A guide to making sense of the inquiry: Beyond ‘energy futures’

I’ve been invited by Mike McAllum and Marcus Bussey to speak to the University of the Sunshine Coast Futures Collective next week, which was a handy prompt to bring things up to date here on recent work.

Before I get to that in a follow-up post though, I figured this also presented a timely opportunity to situate the inquiry for folks who are more deeply ensconced in the futures and foresight field, than readers who arrive here by other paths. In Marcus’s invitation email for the meeting next week, I’m billed as an “Energy Futurist”. I kind of winced and smiled at that simultaneously. I can see how what I’m doing here would naturally be seen in those terms, especially from within the futures field. At the same time, as soon as the energy descriptor gets appended, it feels like it has an unfortunate narrowing effect that the approach I’ve tried to take to this inquiry was intended to head off. An “energy futurist” sounds on face value like a person you might call up when you’re specifically interested the future(s) of [insert here something specifically related to energy supply or use, like PV technology, or oil price, or motor vehicles]. Continue reading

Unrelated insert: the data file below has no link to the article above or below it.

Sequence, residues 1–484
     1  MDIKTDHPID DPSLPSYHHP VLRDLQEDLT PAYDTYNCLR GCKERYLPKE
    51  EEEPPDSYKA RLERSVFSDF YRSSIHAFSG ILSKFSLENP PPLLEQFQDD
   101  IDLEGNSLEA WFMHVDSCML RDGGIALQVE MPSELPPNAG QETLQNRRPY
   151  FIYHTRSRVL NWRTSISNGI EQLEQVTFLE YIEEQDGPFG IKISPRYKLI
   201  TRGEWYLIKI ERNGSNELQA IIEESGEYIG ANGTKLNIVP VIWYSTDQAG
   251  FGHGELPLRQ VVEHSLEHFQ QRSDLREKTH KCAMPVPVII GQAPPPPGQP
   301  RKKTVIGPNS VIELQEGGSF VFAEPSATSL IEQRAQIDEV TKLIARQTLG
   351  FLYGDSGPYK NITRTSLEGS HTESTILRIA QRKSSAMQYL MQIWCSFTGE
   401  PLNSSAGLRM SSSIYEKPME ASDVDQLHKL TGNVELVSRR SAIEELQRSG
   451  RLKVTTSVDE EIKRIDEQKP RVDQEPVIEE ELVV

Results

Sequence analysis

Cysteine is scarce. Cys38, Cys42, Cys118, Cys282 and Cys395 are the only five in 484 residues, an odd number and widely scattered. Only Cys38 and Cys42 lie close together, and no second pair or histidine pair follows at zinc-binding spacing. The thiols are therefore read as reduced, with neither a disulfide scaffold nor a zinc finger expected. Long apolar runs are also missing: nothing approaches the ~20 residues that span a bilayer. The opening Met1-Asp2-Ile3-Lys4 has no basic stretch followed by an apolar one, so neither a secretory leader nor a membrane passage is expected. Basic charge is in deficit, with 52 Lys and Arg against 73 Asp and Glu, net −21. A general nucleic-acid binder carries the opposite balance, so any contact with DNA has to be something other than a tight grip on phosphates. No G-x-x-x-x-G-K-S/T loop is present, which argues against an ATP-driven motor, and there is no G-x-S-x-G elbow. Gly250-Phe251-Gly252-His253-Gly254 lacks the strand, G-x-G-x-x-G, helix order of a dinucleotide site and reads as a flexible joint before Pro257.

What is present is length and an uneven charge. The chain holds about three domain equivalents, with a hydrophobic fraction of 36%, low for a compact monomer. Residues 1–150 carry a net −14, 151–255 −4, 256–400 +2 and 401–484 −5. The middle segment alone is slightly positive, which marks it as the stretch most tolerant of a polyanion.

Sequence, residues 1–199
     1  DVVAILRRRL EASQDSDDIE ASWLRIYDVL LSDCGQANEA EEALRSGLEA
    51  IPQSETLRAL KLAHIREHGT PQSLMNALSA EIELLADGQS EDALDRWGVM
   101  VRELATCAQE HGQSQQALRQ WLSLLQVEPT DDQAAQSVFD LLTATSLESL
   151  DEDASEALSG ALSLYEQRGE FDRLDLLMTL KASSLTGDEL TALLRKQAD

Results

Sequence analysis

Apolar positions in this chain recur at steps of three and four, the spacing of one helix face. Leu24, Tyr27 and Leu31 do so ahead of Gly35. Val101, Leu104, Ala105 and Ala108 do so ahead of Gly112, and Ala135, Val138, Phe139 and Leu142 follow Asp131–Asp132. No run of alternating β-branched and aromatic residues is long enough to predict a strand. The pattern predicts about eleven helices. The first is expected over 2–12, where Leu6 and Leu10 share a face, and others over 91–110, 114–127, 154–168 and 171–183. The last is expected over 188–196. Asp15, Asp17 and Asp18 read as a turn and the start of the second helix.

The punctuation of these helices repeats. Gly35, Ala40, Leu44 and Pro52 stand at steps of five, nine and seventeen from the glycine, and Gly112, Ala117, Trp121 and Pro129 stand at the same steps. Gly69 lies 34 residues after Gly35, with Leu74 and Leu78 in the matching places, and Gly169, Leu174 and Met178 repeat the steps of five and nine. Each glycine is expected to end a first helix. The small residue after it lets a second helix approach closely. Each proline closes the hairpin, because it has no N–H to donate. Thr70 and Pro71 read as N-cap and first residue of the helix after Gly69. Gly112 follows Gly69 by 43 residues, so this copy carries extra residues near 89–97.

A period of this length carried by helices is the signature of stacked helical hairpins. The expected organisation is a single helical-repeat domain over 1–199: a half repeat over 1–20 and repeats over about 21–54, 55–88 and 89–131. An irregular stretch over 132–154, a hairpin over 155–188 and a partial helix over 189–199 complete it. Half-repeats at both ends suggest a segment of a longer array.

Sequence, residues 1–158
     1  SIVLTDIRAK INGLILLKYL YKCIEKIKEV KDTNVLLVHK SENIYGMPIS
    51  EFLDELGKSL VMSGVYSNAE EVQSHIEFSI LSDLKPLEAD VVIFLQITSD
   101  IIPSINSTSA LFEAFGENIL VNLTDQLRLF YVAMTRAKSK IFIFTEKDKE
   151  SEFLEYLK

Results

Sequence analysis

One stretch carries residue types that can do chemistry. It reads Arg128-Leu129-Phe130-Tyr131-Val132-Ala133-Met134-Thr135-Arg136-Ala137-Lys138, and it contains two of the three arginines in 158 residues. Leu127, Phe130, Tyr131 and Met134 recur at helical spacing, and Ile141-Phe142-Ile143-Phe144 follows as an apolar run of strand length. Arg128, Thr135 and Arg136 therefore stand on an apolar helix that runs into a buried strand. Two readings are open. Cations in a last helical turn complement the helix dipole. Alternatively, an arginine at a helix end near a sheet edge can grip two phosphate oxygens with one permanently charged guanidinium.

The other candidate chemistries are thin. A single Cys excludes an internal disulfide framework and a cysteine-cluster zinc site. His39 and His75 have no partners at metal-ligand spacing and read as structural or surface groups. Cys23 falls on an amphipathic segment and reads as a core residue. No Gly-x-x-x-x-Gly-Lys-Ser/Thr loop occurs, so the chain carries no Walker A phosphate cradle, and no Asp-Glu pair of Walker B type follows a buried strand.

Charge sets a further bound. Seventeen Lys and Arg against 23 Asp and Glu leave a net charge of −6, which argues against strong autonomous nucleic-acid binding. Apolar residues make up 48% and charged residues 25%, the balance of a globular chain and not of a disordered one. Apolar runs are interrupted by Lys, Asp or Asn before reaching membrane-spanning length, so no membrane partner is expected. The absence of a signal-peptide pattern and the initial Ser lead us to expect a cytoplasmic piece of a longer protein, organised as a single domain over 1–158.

Accounting for a most dynamic world—Part 3

In last week’s post, we finished up by learning of Sadi Carnot’s eventual recognition that the phenomenon of heat relates to the smallest-scale motions of matter. I’ll start the last stage in our historical overview by introducing the term energy itself for the first time.Note 1 Up until early in the nineteenth century, the name ‘living force’ prevailed in relation to the quantity mv2, the product of a body’s mass and the square of its speed. Then in 1807, in A Course of Lectures in Natural Philosophy and the Mechanical Arts, Thomas Young (1773-1829) proposed the term ‘energy’ as an alternative to ‘living force’.Note 2 It’s noteworthy that in doing so, Young was not interested in whether this energy had some sort of metaphysical significance i.e. whether it had some sort of inherent existence. Rather, he was interested in the observation that in many physical situations, characteristic effects are proportional to this quantity, that it arises as an invariant feature of certain physical situations.[2] Continue reading